Saturday, 1 January 2011

Rare monk seal colony found in the Mediterranean

Scientists have found a colony of rare Mediterranean monk seals at an undisclosed location in Greece.

The species is the world's most endangered seal, and one of the most endangered marine mammals - fewer than 600 individuals remain.

Researchers are keeping the location of the colony secret to avoid having the seals disturbed by human visitors.

It is the only place in the region where seals lie on open beaches, rather than hide in coastal caves.

Alexandros Karamanlidis, scientific co-ordinator of the Mom/Hellenic Society for the Study and Protection of the Monk seal, explained that this was the seals' "original behaviour".

"It is human disturbance that has caused the species to retreat to inaccessible caves," he told BBC News.

"So this place is incredibly important - the seals feel so secure that they go out on to open beaches."

The Mom researchers, whose society name is derived from the Latin name of the species, Monachus monachus, have been monitoring and studying monk seals for more than 20 years.

This has not been an easy task when most of the animals now live in areas that are not visible from the water line.

By driving the seals into secluded caves, the scientists say, human activity has also affected the number of seal pups that survive into adulthood.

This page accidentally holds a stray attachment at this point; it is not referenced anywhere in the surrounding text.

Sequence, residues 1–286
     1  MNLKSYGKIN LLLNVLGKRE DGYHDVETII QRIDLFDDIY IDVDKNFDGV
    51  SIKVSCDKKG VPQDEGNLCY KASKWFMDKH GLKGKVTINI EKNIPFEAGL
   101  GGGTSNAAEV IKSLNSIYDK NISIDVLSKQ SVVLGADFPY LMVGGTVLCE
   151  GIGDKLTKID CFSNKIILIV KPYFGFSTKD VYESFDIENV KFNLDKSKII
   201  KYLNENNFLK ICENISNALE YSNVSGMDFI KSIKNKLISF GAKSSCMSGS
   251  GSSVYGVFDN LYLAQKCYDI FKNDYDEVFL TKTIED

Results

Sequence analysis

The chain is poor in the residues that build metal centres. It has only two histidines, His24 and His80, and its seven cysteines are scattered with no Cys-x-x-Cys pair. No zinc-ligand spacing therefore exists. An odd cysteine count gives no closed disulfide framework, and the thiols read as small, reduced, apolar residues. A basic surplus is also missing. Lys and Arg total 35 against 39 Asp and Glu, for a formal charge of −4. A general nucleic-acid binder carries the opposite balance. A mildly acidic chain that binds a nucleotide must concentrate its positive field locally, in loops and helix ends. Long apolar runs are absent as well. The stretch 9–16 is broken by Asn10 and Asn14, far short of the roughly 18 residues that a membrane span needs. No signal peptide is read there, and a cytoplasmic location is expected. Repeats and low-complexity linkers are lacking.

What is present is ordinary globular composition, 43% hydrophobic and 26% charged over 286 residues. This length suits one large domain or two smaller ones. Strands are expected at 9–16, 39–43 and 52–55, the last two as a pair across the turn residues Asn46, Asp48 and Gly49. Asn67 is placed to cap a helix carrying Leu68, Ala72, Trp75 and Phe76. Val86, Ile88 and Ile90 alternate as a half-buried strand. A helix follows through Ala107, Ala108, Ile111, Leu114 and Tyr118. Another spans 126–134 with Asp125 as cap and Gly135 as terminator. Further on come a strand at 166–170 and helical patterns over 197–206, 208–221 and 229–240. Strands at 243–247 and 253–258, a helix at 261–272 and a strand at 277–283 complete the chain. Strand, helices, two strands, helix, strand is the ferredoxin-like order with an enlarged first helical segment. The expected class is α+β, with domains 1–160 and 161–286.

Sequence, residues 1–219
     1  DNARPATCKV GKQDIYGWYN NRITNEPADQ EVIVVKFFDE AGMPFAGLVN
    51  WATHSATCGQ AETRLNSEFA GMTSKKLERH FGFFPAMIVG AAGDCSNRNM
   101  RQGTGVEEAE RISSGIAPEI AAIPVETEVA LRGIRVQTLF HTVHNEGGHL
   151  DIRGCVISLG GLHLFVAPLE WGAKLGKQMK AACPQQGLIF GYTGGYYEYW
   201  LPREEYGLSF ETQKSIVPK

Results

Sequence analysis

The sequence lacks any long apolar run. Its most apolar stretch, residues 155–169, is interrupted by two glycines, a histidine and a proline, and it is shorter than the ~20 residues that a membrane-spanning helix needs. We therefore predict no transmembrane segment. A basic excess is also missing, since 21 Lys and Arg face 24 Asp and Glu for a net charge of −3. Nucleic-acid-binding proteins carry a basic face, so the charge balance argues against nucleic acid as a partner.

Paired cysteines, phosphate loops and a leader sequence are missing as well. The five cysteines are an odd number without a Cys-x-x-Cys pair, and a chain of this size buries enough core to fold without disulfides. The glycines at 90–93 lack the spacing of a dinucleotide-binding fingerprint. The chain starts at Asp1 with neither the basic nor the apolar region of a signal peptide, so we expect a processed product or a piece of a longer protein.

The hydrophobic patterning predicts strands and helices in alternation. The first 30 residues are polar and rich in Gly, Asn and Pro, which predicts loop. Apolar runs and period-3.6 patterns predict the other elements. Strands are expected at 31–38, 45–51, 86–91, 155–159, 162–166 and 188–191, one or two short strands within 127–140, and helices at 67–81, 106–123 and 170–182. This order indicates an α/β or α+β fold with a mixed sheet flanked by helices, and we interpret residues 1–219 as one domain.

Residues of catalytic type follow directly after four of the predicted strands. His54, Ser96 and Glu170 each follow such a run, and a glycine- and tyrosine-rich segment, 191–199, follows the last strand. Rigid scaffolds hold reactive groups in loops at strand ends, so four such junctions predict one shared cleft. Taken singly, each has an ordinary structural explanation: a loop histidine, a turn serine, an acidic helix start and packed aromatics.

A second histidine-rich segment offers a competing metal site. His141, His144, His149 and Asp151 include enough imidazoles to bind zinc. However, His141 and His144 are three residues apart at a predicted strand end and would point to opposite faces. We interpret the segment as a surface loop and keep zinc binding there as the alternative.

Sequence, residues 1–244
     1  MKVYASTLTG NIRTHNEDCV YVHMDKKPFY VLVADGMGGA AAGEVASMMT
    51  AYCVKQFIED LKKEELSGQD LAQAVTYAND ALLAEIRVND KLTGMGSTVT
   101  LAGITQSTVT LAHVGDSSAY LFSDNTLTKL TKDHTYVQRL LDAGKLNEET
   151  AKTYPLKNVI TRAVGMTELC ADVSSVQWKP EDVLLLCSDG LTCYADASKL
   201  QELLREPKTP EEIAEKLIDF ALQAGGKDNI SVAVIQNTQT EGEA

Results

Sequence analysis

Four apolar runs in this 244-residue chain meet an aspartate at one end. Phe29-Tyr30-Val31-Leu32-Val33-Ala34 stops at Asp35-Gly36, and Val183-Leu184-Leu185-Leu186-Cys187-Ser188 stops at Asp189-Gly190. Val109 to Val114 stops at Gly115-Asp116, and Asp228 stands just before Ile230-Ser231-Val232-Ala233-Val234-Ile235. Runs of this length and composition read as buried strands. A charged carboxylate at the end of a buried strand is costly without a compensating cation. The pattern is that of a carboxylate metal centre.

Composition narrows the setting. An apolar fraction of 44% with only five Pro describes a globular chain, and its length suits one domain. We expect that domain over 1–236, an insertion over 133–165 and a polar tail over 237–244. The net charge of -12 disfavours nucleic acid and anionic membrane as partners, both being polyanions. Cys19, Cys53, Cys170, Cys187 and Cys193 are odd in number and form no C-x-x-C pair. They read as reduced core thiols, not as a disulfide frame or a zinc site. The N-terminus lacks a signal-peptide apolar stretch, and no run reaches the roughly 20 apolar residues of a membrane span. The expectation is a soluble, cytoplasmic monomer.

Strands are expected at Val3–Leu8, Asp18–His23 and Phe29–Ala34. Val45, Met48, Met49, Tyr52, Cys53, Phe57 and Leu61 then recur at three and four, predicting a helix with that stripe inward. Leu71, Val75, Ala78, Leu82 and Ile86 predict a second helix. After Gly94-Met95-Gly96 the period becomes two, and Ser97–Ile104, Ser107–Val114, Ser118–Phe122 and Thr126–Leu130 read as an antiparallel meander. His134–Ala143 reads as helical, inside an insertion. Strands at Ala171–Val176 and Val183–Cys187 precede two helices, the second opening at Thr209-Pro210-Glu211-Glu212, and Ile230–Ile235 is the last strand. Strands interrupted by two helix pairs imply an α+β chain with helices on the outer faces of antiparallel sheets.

Dr Karamanlidis explained: "Because of human disturbance, [the seals] give birth in these coastal caves, [meaning that] more pups die during storms."

The number of seal pups born annually in the newly discovered colony on this tiny island is amongst the highest recorded anywhere in the Mediterranean Sea.

The team has placed cameras on the island to study the seals remotely.

The area's popularity with tourists has gradually driven the animals away from other beaches, and the scientists hope to stop the same thing happening on this island.

"It's a small island in the Aegean with nice sandy beaches," Dr Karamanlidis told BBC News.

So if it remains open to people, the place will get crowded and the seals will start going away again."

More than half of the world's remaining monk seals live in Greece.

The society is now appealing to the Greek government to make the part of the island where the seals live, and its inshore waters, a marine protected area.

"The seals only survive in Greece because we have these isolated islands that people do not have access to," said Dr Karamanlidis.

"So we're trying to make this a place where the seals feel secure."

By Victoria Gill

Science and nature reporter, BBC News

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